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The first symposium of our new research centre SPARC

In late September we launched our new research centre SPARC, Sound Practice And Research @ City, with the Touching Sound symposium, the first of our yearly September Symposiums.

We spent two days contemplating the tactility of sound with a group of people fr om a variety of disciplines. Surgeon Prof Roger Kneebone, our key-note, opened proceedings with his talk on touch in medicine where he introduced us to the fascinating world of surgery and his collaboration with a lace-maker. He explained that for him, attending to touch, is a way of looking at the practice of surgery that can bring into view aspects that might not be otherwise apparent.

Composers Dr James Weeks reminded us that in music we have a tendency to priorities words that are associated with touch, such as texture, temperature, grain and introduced us to one of his works that evokes such tactility. Dr Aaron Einbond suggested a sense of disembodiment through reproduction, transcription, and trace in his compositional practice, and Dr Amber Priestley introduced us to one of her installations which we had the pleasure to experience hands on during a concert in the evening. Alongside wonderful performances by violist Benedict Taylor and guitarist Pétur Jónasson with live-coding by Dr Thor Magnusson. Pétur, in his talk earlier in the day asked whether a sonic instance could leave a permanent physical marker in our brain if it elicits a strong emotion, and Thor questioned whether the composed-work-concept is disappearing due to the expanding use of anthropic digital instruments.

Digital artist Amie Ray had us taste letters and kneed play-dough, choreographer Teoma Naccarato gave us insight into her collaborative practice in creating intimate, one-to-one dance performances, and ceramicist Julian Stair introduced us to his Quietus project that explores the containment of the human body after death.

Composer/sound artist Jan Hendrickse, understanding the body as a contested site which is caught in a constant performance, asked us to reimagine the body as musical structure. Dr Miguel Mera showed us how the synchronicity of sound and sight can elicit touch in film, and PhD candidate William Cole proposed touch as a model for an expanded musical form. Dr Adam Harper explored the tangibility of the digital by explaining that the digital does not lack physicality, but rather possesses a different kind of physicality. And landscape architect Johanna Gibbons introduced us to the connections between soil and roots with our lived experience.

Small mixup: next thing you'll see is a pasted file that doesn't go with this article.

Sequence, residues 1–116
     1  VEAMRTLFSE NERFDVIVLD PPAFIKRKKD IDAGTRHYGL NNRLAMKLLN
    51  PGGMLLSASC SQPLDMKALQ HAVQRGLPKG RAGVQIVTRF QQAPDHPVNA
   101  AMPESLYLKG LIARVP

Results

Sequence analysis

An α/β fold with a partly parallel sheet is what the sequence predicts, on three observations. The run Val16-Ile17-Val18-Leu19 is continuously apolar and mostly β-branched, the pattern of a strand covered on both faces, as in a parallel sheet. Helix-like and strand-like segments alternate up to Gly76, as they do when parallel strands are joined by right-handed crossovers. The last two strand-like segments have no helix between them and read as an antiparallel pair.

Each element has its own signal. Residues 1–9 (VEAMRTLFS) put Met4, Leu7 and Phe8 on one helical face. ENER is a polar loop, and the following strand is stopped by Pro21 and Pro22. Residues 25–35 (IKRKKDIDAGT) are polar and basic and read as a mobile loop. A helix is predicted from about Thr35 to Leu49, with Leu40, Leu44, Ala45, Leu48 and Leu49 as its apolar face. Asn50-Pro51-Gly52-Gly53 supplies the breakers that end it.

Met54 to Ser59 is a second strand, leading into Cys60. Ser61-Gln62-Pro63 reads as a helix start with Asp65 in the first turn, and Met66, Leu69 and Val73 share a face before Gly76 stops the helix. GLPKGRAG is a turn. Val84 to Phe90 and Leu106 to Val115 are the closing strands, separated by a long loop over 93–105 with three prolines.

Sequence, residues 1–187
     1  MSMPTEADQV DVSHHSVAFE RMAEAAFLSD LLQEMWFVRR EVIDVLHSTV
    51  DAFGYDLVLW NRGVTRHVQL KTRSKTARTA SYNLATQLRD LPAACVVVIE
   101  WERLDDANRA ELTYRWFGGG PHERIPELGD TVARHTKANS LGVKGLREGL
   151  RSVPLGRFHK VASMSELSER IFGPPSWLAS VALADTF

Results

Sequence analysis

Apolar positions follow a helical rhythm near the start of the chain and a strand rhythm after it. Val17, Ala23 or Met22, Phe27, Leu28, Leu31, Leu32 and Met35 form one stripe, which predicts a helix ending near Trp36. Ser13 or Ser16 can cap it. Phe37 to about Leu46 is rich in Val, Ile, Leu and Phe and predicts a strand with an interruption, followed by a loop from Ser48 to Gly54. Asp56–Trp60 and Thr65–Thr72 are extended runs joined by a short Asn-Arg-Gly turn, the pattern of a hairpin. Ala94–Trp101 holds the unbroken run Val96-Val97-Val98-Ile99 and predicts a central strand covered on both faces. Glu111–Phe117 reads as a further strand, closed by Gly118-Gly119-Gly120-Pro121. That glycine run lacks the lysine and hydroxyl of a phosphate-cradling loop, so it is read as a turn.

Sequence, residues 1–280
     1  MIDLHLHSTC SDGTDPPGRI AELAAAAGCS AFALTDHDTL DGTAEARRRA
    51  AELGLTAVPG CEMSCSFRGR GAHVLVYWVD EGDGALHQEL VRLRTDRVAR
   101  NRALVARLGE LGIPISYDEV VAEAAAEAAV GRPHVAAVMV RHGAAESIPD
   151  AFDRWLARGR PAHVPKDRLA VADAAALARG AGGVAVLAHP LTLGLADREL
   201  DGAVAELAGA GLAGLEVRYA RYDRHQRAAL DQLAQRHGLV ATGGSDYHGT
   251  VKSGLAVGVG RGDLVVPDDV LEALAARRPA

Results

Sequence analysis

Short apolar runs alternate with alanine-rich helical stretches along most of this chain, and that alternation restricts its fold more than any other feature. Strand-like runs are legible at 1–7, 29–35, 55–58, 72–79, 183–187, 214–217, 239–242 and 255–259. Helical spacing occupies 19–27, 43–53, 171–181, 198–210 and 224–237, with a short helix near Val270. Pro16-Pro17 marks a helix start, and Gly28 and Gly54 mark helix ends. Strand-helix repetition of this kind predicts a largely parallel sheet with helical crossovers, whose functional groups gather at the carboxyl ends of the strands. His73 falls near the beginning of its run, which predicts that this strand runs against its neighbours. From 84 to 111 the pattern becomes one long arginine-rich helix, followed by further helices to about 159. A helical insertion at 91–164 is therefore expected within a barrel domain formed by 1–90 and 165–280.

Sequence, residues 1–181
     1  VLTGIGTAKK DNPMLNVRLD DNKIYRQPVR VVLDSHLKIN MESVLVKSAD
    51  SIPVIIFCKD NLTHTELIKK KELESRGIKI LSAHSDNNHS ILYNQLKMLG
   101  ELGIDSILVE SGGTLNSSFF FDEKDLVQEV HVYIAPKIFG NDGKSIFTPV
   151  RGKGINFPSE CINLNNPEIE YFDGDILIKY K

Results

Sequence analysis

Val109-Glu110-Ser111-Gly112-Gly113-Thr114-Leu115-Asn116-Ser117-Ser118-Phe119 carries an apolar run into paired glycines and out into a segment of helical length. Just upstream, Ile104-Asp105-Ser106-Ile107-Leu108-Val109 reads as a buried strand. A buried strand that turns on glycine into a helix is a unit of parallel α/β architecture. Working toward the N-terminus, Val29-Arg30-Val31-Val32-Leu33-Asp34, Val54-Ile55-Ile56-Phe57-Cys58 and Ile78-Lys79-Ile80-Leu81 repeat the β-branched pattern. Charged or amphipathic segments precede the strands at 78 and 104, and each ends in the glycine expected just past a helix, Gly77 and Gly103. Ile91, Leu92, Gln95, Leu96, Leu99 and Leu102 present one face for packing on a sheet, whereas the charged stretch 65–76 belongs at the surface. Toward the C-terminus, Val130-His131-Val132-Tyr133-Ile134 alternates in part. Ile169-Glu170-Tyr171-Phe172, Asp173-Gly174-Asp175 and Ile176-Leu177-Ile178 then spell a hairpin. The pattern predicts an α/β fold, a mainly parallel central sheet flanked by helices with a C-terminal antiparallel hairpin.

In due course there will be a publication connected with this symposium, and we are very much looking forward to our next symposium in September 2018 called Socio-Sonic: an exploration of the social in sound.

Laudan Nooshin Chapter in Award-Winning Book

City Music Head of Department Laudan Nooshin is delighted to report that a book that she has contributed to has been awarded a major academic book prize.

Jazz Worlds/World Jazz (Chicago University Press, 2016), edited by Philip V. Bohlman and Goffrredo Plastino, has received the American Musicological Society Ruth A. Solie Award, given each year to a collection of musicological essays of exceptional merit.

Laudan’s chapter is entitled ‘Jazz and its Social Meanings in Iran: From Cultural Colonialism to the Universal’, and explores various aspects of jazz and its social meanings in Iran from the 1950s onwards, focusing in particular on the period of cultural liberalism that followed the election of reformist President Khatami in 1997. Whilst most forms of western popular music were branded as a form of cultural imperialism and banned after the 1979 Iranian Revolution, jazz managed to remain largely unproblematic, mainly because it was positioned as a form of  “art” music and as a  “universal” musical expression. Laudan discusses the changing meanings of jazz in Iran over the past 70 years.

Jazz Worlds/World Jazz includes 16 chapters which explore a range of jazz traditions around the world, from Ethiopian jazz and Indian fusion, to Balkan swing and South African jazz.

http://press.uchicago.edu/ucp/books/book/chicago/J/bo19637106.html